The U.S. needs to start treating the Internet like electricity or railroads, law professor and author Susan Crawford says. "We can't create a level playing field for all Americans or indeed compete on the world stage without having some form of government involvement," she says.
The film Her, written and directed by Spike Jonze (Being John Malkovich), follows a lonely man who falls in love with a computer operating system. Critic David Edelstein says it's the best film of the year by far. (Recommended)
The president alone can approve or reject construction of the Keystone XL pipeline, which is designed to take crude oil extracted from Alberta, Canada, through America's heartland to refineries on the Gulf Coast. New Yorker journalist Ryan Lizza says Obama could use the decision as a "symbolic turning point in the kind of energy future he wants America to have."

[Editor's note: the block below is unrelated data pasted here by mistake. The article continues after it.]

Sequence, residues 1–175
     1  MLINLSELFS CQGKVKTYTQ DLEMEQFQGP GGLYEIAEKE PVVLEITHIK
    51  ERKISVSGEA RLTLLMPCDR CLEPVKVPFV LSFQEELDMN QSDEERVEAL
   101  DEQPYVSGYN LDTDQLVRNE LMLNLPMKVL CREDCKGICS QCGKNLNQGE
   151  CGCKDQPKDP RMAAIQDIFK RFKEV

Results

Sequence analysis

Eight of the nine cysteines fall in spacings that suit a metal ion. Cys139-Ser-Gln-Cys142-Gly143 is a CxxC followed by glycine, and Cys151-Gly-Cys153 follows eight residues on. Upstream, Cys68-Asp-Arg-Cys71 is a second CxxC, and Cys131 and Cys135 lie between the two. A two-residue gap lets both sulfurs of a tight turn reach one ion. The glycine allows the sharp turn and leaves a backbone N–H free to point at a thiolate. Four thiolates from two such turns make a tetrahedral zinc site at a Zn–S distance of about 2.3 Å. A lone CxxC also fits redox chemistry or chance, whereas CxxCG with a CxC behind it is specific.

In The Story of the Human Body, evolutionary biologist Daniel Lieberman explains how our bodies haven't adapted to modern conditions. The result is "mismatch diseases" -- ailments that occur because our bodies weren't designed for the environments in which we now live.
Today's Internet users have become accustomed to stories of hacking, identity theft and cyberattacks, but there was a time when the freedom and anonymity of the Web were new, and no one was sure what rules — if any — applied to its use.
In a series for The New York Times, environmental reporter Justin Gillis has been exploring whether harsh weather events are connected to global warming or if they are simply the random violence nature visits upon us.